Qu'est-ce Que C'est? De-Mystifying Chicago Restaurant Menus: Bouillabaisse and Consommé
By L. Stolpman in Food on Oct 22, 2008 4:31PM
Bouillabaisse and Consommé: two things we feel like we should know... and we're pretty sure we did know at some point. And then we find ourselves staring at the words on a menu and wondering, "Wait...what exactly is that, again?"
Simply put, Bouillabaisse is a Mediterranean fish stew. What distinguishes bouillabaisse from other fish stews is the flavor it gets from some unique ingredients like fennel, orange zest (or peel) and saffron. Bouillabaisse is full of various types of seafood and is traditionally served by placing all the seafood on a platter and filling individual bowls with the steaming broth. The broth is sometimes served with toasted rounds topped with rouille (a sauce made from olive oil, breadcrumbs, garlic and other spices) or as a complement to another fish dish. You can read a bit more about the history of Bouillabaisse here.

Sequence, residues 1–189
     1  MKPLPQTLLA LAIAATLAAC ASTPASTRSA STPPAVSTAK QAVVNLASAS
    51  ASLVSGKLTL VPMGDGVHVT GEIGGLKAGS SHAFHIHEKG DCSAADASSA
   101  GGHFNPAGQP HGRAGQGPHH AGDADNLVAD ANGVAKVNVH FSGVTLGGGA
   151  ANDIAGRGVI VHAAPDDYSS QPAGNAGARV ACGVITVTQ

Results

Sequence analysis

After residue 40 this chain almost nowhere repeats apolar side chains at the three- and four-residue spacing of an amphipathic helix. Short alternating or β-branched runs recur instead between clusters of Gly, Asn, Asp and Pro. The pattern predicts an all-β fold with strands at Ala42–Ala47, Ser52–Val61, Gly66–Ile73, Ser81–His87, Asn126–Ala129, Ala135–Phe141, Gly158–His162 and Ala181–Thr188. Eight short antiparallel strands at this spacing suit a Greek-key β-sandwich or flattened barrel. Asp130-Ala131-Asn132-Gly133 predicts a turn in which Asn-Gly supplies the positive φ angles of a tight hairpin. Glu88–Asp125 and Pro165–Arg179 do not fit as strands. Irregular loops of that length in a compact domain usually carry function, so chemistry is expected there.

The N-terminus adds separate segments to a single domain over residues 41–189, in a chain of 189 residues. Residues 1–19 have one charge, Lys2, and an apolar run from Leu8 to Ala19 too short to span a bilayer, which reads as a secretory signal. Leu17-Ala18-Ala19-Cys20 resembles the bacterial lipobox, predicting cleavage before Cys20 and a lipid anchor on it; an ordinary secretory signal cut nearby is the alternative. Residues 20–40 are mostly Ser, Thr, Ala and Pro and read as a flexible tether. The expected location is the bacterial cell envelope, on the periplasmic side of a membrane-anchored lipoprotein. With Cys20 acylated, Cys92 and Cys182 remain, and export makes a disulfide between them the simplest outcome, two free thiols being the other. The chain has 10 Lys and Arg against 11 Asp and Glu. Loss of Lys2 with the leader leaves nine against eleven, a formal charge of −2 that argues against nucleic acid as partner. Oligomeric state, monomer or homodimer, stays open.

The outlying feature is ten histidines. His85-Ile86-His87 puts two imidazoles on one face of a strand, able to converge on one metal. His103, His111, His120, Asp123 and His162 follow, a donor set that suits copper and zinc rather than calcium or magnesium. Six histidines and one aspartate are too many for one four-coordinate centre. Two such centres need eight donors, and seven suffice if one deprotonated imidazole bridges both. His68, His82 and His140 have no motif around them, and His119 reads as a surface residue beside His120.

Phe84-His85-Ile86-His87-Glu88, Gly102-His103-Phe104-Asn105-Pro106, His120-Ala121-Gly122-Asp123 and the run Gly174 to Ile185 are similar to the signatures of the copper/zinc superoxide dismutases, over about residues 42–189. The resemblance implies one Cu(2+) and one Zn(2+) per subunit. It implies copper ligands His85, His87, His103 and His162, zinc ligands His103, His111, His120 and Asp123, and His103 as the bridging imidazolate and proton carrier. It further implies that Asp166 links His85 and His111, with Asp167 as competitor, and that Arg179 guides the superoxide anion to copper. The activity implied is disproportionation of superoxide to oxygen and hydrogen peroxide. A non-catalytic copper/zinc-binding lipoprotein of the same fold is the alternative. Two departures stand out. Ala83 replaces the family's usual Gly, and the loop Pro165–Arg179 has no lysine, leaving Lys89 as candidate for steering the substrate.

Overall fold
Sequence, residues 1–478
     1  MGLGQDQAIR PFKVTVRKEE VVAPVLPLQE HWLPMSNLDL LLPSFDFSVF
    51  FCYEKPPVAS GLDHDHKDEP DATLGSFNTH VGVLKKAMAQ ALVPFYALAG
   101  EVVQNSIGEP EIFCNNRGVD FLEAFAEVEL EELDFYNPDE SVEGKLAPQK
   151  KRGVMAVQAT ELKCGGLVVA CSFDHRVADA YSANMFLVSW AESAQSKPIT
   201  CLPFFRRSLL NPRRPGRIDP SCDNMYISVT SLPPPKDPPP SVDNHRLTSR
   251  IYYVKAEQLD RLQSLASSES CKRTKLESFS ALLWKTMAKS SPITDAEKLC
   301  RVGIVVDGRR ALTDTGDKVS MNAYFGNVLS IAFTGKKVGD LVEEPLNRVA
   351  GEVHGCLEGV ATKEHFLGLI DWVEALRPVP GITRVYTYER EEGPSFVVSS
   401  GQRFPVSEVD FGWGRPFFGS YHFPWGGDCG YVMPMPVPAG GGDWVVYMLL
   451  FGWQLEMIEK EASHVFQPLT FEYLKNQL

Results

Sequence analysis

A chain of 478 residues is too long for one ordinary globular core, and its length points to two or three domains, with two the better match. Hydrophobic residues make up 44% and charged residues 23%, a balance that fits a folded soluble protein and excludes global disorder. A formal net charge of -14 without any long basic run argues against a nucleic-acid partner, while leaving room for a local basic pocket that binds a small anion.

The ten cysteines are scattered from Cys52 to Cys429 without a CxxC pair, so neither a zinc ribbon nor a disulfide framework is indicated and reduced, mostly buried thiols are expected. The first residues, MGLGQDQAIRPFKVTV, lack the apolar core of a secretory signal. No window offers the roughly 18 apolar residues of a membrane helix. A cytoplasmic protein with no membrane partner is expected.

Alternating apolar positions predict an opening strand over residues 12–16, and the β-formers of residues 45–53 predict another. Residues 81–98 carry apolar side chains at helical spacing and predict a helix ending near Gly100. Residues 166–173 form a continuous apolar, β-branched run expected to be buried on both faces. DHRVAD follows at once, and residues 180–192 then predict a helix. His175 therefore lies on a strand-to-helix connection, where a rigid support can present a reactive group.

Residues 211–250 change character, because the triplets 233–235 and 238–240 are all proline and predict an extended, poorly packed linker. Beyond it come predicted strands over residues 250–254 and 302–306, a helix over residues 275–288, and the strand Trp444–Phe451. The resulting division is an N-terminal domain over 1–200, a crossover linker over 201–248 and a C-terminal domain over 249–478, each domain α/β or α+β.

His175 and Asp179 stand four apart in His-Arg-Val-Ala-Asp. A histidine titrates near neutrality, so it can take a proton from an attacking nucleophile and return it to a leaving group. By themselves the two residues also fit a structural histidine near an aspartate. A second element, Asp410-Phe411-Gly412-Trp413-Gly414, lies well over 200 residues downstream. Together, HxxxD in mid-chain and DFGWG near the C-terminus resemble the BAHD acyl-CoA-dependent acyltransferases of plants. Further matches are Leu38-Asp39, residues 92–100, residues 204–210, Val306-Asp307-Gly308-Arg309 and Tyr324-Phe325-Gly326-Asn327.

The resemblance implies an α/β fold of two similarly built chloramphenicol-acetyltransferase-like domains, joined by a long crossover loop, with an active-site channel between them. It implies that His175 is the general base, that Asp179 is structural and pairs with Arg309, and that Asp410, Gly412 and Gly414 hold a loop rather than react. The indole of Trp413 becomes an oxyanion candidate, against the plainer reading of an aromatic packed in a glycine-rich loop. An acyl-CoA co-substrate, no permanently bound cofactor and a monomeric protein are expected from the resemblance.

Consommé is made by adding meat, tomatoes and egg whites to stock. The egg whites form a "raft" of impurities, drawn out from the acid in the tomatoes. The amber liquid remaining after the impurities have been removed is a complex, flavorful liquid. Michael Ruhlman, in his book The Making of a Chef, talks about the very scientific process of making consommé taught at the Culinary Institute of America. Pages are dedicated to retelling the perils of students who fail to balance heat, acid, patience, and attention...thus botching their consommé.
Photo by Cameron Maddux